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Rate of subsequent biopsy ‘relatively low’ among women with early breast cancer

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January 31, 2018

Henry Kuerer

The rate of subsequent biopsy during follow-up care among women diagnosed with early-stage breast cancer ranged from 11.8% to 14.7% within 5 years and 14.9% to 23.4% within 10 years, according to results of a nationwide population-based cohort study.

These identified biopsy rates — which also differed based on treatment received — can be used to inform decision-making discussions with patients regarding breast cancer recurrence rates.

The rate of subsequent biopsy previously had not been available in medical literature.

“This is a genuine concern for patients. Many feel very anxious over the future need of biopsies and the potential of another diagnosis,” Henry Kuerer, MD, PhD, executive director of the department of breast programs and professor of surgery at The University of Texas MD Anderson Cancer Center, said in a press release. “Women will often choose a mastectomy rather than have the fear and stress associated with future biopsies or another cancer diagnosis.”

To determine how often patients treated for breast cancer required breast biopsies during follow-up, Kuerer and colleagues evaluated diagnosis and procedures codes for 41,510 patients aged 64 years or younger (mean age, 52.8 years) in MarketScan — a national commercial insurance database — and 80,369 women aged 66 years or older (mean age, 76.3 years) in the SEER-Medicare database.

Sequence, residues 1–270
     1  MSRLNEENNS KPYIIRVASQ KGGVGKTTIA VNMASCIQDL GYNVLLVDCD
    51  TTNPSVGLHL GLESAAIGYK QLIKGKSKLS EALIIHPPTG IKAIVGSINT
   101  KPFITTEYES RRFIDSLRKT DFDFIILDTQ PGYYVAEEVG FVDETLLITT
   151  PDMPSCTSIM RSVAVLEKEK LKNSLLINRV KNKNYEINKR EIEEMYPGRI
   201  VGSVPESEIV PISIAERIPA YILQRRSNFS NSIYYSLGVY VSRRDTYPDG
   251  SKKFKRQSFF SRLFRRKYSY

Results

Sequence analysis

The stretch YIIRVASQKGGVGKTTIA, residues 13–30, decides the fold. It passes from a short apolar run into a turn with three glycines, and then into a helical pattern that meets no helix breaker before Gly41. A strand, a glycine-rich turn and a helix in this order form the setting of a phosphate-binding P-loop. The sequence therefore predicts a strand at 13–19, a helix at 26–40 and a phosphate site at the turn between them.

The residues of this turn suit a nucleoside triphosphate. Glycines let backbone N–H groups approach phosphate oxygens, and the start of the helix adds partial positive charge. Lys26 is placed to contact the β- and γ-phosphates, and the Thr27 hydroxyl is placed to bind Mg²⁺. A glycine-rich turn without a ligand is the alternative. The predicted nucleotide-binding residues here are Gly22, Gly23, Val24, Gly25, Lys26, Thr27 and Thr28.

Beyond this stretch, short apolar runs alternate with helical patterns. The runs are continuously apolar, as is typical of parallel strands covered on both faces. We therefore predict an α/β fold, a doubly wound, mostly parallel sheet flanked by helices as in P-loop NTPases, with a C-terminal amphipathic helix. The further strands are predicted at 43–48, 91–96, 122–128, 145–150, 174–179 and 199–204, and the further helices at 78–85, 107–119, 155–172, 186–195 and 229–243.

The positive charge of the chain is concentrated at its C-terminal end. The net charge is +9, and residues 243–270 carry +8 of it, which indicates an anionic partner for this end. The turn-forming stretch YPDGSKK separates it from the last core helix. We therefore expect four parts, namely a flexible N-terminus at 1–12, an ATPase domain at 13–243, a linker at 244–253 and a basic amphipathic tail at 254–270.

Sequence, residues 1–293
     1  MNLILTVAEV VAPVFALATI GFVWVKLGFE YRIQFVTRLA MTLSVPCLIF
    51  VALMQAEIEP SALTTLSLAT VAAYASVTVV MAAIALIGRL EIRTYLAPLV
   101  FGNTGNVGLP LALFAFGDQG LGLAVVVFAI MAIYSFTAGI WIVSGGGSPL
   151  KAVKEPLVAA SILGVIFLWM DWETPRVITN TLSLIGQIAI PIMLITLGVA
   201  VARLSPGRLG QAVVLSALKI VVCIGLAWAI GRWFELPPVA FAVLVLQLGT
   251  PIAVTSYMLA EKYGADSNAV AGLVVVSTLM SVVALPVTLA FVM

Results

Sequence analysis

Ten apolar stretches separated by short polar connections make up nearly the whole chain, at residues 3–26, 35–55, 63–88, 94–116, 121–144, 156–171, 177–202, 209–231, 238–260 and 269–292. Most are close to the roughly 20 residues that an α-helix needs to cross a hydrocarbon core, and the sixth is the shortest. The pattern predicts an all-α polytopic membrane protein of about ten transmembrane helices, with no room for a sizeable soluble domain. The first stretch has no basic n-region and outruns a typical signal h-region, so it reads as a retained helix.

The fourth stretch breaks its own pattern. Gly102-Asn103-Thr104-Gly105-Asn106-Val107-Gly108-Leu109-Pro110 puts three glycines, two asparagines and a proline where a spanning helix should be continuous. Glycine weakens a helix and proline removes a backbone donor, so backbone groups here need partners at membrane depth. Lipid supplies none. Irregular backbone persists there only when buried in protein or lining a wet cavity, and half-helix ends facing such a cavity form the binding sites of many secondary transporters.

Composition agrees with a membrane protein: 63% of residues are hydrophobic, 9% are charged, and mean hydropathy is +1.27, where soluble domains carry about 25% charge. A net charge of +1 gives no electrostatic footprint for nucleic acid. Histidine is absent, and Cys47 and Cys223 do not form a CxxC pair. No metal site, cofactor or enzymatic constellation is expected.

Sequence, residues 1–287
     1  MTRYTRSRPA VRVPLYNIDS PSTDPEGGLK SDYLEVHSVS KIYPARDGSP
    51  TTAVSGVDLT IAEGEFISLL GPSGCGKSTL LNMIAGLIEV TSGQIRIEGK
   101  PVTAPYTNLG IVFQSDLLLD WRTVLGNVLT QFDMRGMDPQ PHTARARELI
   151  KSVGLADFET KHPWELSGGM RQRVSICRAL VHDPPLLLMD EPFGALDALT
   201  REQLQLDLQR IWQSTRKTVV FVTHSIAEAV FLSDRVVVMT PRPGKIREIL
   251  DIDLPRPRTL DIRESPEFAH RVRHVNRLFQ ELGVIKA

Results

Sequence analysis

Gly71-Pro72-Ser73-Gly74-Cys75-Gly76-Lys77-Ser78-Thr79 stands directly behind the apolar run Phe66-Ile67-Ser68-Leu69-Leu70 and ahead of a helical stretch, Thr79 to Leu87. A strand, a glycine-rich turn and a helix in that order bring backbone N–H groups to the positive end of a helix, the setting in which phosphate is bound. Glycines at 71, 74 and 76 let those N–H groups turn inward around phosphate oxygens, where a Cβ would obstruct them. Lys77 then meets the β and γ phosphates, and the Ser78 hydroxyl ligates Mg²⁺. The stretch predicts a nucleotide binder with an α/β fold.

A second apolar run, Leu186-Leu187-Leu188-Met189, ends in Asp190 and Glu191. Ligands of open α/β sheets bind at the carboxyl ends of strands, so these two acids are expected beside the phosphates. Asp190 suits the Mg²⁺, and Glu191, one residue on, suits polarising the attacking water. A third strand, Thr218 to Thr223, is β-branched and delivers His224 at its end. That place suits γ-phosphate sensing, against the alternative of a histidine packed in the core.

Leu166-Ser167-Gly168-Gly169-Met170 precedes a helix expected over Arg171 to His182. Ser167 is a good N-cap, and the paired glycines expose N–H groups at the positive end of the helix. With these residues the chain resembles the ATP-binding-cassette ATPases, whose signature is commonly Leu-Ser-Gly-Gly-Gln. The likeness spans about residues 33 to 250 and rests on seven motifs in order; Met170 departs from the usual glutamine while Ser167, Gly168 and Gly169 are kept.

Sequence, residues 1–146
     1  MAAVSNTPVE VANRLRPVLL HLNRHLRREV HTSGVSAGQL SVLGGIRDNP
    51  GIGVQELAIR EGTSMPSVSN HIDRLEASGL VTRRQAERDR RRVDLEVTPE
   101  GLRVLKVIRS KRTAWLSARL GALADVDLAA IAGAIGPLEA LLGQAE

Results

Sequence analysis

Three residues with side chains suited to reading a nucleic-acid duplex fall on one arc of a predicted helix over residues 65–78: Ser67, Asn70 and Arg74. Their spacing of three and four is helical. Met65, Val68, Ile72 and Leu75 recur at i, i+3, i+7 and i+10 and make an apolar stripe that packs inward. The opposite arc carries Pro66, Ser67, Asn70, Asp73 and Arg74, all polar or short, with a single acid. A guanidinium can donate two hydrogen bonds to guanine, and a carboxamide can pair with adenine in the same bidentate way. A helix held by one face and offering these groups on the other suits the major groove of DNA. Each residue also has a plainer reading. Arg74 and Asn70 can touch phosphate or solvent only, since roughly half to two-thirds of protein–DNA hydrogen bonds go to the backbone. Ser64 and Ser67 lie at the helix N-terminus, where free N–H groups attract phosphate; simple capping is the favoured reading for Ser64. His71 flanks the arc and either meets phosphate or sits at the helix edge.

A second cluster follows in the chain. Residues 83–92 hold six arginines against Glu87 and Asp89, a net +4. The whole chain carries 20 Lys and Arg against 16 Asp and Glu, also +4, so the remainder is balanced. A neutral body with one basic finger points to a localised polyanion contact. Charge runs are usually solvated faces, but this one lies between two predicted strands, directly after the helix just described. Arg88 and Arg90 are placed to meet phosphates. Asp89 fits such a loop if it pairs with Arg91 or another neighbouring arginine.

All patients received incident invasive stage I to stage III breast cancer diagnoses between 2000 and 2011.

Median follow-up was 3.7 years (interquartile range [IQR], 2.1-5.6) for the MarketScan cohort and 5.8 years (IQR, 3.5-8.7) for the SEER-Medicare cohort.

Breast-conserving surgery served as the predominant treatment option among women in the MarketScan cohort (58.6%) and SEER-Medicare cohort (59.2%), followed by mastectomy (MarketScan, 41.4%; SEER-Medicare, 40.8%).

At 5 years, incidence of breast biopsy was 14.7% in the MarketScan cohort and 11.8% in the SEER-Medicare cohort. Rates increased to 23.4% in the MarketScan cohort and 14.9% in the SEER-Medicare cohort at 10 years.

Five-year rate of biopsy after mastectomy was 10.4% in the MarketScan cohort and 7.7% in the SEER-Medicare cohort.

Among women who underwent breast-conserving surgery, those who received brachytherapy had higher 5-year incidence rates of breast biopsy than women who underwent whole-breast irradiation in the MarketScan cohort (24% vs. 16.7%) and SEER-Medicare cohort (25% vs. 15.1%; P < .001). This association persisted in a multivariable analysis (MarketScan, HR = 1.53; 95% CI, 1.28-1.7; SEER-Medicare, HR = 1.76; 95% CI, 1.63-1.91).